Lower expectations for the vice-presidential debate

Lower expectations for the vice-presidential debate
Von

While attitudes towards Clinton and Trump are highly polarized, a significant number of Americans have no opinion on Kaine or Pence

Vice Presidential debates – with some exceptions, of course (think Sarah Palin-Joe Biden in 2008) – don’t usually create the kind of interest that presidential debates do.  And this year, vice presidential nominees Democrat Tim Kaine and the Republican Mike Pence have created nowhere near the level of public excitement achieved by their running mates, according to the latest Economist/YouGov Poll.

This is despite the fact that Pence and Kaine remain relatively unknown to voters, and the debate may serve as their introduction to many in the public.  About one in four voters don’t have either a favorable or unfavorable view of each of them.  In contrast, just 5% express no opinion of the Democratic Presidential nominee, Hillary Clinton, and only 3% have no opinion about her GOP counterpart, Donald Trump. 

The lower interest in the vice presidential debate is clear in several comparisons:

  • Just 30% of registered voters will definitely watch the Tuesday event.  Nearly half said they would definitely watch the first presidential debate beforehand, and interest in the presidential debate is still high: two in three want more and say they are looking forward to future presidential debates.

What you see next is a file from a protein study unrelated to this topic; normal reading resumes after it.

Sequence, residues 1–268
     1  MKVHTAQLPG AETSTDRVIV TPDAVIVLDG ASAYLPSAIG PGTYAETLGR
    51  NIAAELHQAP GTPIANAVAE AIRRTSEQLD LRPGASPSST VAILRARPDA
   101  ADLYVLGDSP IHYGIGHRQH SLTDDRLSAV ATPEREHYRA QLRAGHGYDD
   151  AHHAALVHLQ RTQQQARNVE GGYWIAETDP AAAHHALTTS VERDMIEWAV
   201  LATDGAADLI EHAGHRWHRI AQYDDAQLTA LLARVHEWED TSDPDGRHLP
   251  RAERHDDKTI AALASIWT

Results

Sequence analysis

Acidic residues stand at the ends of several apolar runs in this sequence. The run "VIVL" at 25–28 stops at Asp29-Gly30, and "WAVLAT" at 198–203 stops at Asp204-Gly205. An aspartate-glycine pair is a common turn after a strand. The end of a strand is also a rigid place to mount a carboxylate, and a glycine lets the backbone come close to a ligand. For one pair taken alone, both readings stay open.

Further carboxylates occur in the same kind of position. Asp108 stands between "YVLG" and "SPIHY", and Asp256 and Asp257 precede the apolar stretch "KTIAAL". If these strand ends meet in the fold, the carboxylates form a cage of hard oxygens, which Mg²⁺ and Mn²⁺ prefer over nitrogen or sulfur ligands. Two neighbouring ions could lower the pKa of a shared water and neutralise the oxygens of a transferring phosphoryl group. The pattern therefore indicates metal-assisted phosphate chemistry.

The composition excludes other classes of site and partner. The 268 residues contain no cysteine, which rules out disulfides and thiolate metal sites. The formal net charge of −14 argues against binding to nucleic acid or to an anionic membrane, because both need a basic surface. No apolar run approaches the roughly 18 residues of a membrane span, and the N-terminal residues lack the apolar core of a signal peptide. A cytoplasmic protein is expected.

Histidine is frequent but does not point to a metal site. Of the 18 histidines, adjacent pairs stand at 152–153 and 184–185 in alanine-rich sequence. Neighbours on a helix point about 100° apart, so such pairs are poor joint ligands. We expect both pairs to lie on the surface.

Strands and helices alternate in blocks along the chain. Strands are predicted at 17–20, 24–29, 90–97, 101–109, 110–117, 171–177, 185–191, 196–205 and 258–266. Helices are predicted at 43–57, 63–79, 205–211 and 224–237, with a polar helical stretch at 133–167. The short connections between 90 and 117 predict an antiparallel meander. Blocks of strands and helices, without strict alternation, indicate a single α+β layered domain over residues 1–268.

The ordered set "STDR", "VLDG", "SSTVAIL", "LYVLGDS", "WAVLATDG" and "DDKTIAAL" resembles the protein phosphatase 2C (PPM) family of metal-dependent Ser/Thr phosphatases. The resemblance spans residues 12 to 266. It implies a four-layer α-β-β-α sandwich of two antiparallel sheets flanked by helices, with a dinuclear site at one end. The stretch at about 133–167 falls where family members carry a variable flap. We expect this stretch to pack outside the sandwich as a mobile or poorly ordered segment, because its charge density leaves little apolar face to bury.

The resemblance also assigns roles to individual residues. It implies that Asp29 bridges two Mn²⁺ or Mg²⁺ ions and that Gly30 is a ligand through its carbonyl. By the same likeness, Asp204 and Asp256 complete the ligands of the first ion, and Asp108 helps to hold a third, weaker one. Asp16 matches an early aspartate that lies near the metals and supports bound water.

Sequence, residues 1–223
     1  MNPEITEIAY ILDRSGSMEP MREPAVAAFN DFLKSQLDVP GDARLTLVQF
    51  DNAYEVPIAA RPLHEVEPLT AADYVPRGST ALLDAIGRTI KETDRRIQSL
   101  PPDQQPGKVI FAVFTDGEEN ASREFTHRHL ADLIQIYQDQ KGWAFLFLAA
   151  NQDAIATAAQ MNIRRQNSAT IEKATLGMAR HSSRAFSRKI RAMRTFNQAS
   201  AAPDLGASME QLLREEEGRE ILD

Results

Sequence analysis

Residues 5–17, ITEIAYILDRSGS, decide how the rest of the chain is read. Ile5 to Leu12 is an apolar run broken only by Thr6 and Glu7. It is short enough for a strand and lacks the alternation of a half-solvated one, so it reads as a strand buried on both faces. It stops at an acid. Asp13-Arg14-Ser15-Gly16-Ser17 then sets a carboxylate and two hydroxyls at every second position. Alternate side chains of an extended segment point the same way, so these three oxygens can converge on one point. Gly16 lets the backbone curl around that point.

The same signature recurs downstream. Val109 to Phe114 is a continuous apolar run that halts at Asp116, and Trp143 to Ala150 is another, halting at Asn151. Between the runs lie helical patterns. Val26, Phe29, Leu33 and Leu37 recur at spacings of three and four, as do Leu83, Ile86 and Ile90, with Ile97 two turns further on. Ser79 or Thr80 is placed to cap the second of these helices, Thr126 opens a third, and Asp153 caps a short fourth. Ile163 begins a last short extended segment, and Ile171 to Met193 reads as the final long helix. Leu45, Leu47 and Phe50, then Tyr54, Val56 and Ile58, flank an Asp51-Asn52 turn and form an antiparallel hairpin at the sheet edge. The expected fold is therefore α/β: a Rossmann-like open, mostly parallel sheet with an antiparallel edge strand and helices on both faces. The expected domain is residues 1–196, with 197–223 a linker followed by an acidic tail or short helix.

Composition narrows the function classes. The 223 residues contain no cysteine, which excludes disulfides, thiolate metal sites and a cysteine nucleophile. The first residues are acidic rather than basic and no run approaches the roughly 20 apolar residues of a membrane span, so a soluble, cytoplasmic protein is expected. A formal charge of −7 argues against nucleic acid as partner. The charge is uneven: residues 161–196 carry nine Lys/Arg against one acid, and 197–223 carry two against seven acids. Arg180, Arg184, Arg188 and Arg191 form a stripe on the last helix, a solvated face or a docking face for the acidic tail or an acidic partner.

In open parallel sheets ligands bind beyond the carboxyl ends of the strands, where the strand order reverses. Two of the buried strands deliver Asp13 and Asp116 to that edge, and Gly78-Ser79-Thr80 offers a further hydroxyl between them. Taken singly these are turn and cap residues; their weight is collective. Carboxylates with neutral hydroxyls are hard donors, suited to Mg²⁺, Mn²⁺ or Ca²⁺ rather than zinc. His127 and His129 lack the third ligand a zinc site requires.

• Only a third believe the VP debate will be more interesting than usual, about half the percentage who said that about the presidential debate.
  • Just 13% think the vice presidential debate will affect the outcome.  40% believed the presidential debate would.
  • Nearly half of voters have no idea which candidate might do better Tuesday; 32% think Pence will, 23% think Kaine will.  Donald Trump’s voters are more sure of Pence’s likely success than Clinton supporters are about the likelihood of Kaine’s success.

But interest in what is taking place – even for the presidential debate – doesn’t necessarily matter when people vote.  Despite the enormous audience and the high interest in the Clinton-Trump debate, only one in ten claimed it changed their mind about how they would vote – and most of those voters supported the same candidate before and after the debate, making the amount of actual change even less.  


See the rest of this week's YouGov/Economist Poll

YouGov/Economist Poll archives

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